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Why Did Angelina Jolie Give Up Her Breasts? Here’s the Scientific Explanation.

Angelina Jolie has revealed that she underwent a double mastectomy to prevent the development of breast cancer.

In an article entitled “My Medical Option” published in the New York Times, the American actress wrote that she underwent this operation because she is a carrier of a “poor” gene that increases the risk of ovarian and breast cancer.

According to the 37 year old actress, who is Brad Pitt’s life partner, doctors told her that she has a 87% risk of developing breast cancer and a 50% risk for ovarian cancer because this gene ( BRCA1).

Angelina Jolie’s mother died at the age of 56, because of cancer. “My mother has fought cancer for nearly ten years and died at 56 years. She lasted long enough to know her first grandson and hold him in her arms. But the rest of my children will not have the chance to know and find out how full of gracious she was,” the actress starts the editorial in The New York Times.

“When I learned about the situation, I decided to take steps to minimize the risks as much as I could,” wrote the artist adding: “I decided to do a double mastectomy, preventively. We started with the breasts because the breast cancer risk is greater than that of ovarian cancer, and the operation is more complex,” the star wrote, adding that after this complex procedure, which lasted three months, the risk of breast cancer has decreased to 5%.

“I’m lucky to have a life partner, Brad Pitt, who loves me and supports me. So anyone who has a wife or a girlfriend who goes through this, knows that you are an important part of this transition process. Brad was at the Pink Lotus Breast Center, where I was treated, and the whole time operations lasted. We managed to find moments to laugh together. We knew that this was the best thing that we could do for our family and that it would bring us even closer. And so it happened,” wrote Angelina Jolie.

The couple has six children together, three of whom are adopted. “I can tell my children that they no longer have any reason to fear that they will lose me because of breast cancer,” she added.

“I chose to make my story public because there are so many women who do not know that they could have cancer. I hope that they are able to be genetically tested and if they find out that they have a high risk of getting cancer, they will know that they have great alternatives,” explained Angelina Jolie.

“Things that should not frighten us are the ones that we can control,” Jolie concluded.

What is the BRCA1 gene?

BRCA1 and BRCA2 are human genes that belong to a class of genes known as “tumor suppressors”. The mutations in these genes are associated with a hereditary risk of breast and ovarian cancer.

The risk of a woman developing breast cancer and / or ovarian cancer significantly increases if she inherits a harmful mutation of the BRCA1 or BRCA2 gene. Men who inherit such a mutation present, in turn, an increased risk of suffering from breast cancer. Also, both men and women with these mutations may have an increased risk of suffering from other cancers.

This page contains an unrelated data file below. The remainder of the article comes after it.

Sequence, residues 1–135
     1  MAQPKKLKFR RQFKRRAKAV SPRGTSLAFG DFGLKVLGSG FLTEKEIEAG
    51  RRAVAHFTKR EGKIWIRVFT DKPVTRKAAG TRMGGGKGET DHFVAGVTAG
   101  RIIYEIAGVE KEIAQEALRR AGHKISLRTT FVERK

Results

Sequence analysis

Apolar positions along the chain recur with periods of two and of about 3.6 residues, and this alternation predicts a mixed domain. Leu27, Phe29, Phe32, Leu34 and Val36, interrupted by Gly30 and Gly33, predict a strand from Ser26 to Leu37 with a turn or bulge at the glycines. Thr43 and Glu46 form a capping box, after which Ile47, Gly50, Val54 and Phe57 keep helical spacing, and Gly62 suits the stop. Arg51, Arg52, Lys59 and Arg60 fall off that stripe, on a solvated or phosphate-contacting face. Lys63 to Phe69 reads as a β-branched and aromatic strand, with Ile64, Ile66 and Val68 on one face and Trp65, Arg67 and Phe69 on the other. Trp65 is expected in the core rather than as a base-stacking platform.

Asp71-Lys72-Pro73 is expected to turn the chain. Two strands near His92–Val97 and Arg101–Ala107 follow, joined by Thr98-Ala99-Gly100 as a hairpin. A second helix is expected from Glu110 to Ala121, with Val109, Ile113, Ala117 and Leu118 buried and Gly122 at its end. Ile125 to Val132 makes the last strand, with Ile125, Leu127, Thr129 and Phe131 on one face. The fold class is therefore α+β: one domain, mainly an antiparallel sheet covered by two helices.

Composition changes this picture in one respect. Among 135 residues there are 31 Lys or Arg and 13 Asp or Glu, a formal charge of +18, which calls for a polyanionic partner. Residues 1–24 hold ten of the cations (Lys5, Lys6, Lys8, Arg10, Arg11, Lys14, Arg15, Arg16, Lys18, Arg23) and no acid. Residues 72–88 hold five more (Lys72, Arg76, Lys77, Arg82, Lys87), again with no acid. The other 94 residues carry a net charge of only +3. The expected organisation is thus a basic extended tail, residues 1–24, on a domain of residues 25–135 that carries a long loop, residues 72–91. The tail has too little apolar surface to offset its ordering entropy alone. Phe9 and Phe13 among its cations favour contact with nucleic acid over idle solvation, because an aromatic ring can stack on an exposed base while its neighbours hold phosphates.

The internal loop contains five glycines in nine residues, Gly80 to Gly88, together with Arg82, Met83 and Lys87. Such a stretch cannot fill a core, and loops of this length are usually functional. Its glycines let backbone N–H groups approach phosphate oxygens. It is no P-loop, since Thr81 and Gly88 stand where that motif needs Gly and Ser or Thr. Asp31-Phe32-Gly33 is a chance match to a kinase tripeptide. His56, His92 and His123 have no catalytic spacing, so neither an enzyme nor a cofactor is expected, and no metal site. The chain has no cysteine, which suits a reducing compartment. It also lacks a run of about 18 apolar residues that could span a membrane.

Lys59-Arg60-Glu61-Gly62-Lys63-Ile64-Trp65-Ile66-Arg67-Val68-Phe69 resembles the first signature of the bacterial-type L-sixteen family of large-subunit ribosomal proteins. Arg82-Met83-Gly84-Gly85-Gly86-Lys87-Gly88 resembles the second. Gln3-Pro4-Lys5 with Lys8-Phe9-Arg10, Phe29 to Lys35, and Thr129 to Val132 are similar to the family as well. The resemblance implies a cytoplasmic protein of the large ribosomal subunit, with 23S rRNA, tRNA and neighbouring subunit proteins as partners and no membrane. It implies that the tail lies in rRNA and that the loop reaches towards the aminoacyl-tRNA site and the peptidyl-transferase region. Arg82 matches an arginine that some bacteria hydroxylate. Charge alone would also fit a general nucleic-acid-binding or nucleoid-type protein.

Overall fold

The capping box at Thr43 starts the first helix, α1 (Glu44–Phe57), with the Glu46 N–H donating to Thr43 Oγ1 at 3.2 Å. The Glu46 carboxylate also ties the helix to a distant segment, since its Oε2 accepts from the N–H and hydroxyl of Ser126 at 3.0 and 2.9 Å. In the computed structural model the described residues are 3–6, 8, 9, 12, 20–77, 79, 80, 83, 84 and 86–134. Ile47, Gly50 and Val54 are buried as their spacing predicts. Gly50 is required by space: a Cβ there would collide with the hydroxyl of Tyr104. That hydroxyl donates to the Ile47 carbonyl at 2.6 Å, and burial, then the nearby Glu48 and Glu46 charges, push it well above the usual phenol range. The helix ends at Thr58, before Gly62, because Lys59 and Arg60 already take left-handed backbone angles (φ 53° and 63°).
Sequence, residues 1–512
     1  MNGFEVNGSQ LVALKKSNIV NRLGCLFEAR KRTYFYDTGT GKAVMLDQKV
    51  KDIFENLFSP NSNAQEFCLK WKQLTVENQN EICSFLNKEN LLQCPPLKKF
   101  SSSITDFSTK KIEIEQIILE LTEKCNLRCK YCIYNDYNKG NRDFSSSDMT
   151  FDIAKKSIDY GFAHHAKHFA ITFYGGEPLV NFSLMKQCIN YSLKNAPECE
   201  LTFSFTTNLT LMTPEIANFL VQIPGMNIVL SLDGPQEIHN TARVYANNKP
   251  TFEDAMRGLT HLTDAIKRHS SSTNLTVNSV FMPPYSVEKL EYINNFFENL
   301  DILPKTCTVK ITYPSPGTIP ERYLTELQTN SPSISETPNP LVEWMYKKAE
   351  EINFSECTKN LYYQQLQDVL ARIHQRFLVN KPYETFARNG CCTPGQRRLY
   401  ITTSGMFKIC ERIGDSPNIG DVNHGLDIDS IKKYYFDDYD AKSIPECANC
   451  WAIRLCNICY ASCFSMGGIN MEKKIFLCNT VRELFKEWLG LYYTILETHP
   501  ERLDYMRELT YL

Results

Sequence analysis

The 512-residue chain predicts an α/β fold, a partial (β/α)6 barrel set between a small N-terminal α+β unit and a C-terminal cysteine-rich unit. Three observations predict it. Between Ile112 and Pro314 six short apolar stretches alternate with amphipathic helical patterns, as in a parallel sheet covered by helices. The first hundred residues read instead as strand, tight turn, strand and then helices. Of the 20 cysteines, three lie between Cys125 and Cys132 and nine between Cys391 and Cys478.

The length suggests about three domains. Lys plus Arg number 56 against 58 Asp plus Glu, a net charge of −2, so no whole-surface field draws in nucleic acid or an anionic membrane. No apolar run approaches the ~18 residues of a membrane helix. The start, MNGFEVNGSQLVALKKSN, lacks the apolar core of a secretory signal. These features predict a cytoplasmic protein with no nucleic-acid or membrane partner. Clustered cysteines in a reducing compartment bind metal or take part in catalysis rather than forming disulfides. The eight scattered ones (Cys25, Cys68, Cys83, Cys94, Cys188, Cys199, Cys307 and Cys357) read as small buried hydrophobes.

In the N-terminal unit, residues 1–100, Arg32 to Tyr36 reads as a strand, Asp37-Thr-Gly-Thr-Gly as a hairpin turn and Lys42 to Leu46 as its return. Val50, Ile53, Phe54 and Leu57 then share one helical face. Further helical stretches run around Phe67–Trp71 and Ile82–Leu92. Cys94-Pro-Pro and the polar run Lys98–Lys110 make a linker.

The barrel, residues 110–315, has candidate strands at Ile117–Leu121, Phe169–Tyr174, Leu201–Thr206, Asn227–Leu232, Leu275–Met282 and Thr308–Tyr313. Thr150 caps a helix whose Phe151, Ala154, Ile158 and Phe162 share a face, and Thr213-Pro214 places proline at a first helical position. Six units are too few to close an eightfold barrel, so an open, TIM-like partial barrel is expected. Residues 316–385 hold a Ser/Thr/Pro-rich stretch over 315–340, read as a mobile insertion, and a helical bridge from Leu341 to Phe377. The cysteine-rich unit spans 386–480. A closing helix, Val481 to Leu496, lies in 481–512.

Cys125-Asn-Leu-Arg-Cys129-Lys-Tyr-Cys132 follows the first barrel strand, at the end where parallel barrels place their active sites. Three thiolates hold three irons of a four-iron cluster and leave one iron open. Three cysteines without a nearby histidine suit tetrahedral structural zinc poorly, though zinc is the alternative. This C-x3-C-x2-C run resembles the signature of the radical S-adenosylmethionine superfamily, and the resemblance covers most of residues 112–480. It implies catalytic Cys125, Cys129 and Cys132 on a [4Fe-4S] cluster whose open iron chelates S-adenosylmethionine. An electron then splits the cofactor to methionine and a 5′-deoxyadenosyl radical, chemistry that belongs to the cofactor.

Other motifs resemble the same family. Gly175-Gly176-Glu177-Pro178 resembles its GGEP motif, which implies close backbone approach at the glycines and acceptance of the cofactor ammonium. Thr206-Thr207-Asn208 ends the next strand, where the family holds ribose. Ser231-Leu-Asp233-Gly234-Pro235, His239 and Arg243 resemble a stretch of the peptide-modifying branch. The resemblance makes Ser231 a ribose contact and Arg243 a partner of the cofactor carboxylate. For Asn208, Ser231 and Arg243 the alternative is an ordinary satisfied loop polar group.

Several companies have developed genetic tests that identify the BRCA1 and BRCA2 mutation. This is achieved by using a blood sample. Tests cost between several hundred and several thousand dollars.

According to estimates by experts, about 12% of women (120 of 1,000 women) will develop breast cancer over their lifetime. In contrast, 60% of women who have inherited a harmful mutation of the BRCA1 or BRCA2 gene (600 of 1,000 women) will develop breast cancer. In other words, a woman who has inherited a harmful mutation of the BRCA1 or BRCA2 gene will have a five times higher risk of suffering from breast cancer compared to women who do not have such a mutation.

Also, statistics show that 1.4% of women (14 per 1,000 women) will be diagnosed during their life with ovarian cancer. In contrast, 15%-40% (150-400 of 1,000 women) with a harmful BRCA1 or BRCA2 mutation will receive this diagnosis.

Genetic analysis shows that the harmful mutation is present in a proportion higher among the Ashkenazi Jews. Also, Norwegians, Dutch and Icelandic have a higher frequency of these mutations in comparison with other nations.

People who are carriers of a harmful mutation in the BRCA1 or BRCA2 gene have four options:

Supervision – tests (such as mammograms) to identify the cancer early. This method does not reduce the risk of developing cancer, but increases your chances of detecting it early when it is most treatable.

Prophylactic surgery – this method involves the surgical removal, as much as possible, of the tissue presenting the risk of developing cancer to reduce the risk. This does not guarantee that the patient will develop cancer because surgeons often cannot completely remove the tissue. Therefore, some women who have opted for this option later developed breast cancer, ovarian cancer or peritoneal carcinomatosis (a cancer similar to ovarian cancer).

Reducing risk factors – certain behaviors were associated with a higher risk of breast or ovarian cancer. For example, birth control pills seem to reduce the risk of developing ovarian cancer even among people with a harmful mutation of the BRCA1 or BRCA2 gene. Obesity increases the risk of suffering from breast cancer, and vigorous physical activity reduces the risk. Also, alcohol increases the risk of breast cancer.

Chemoprevention – the use of natural or synthetic substances to reduce the risk of cancer. For example, the drug tamoxifen reduces by 50% the risk of developing breast cancer in women who are at risk and also reduces the risk of the tumor returning in women previously diagnosed with breast cancer.

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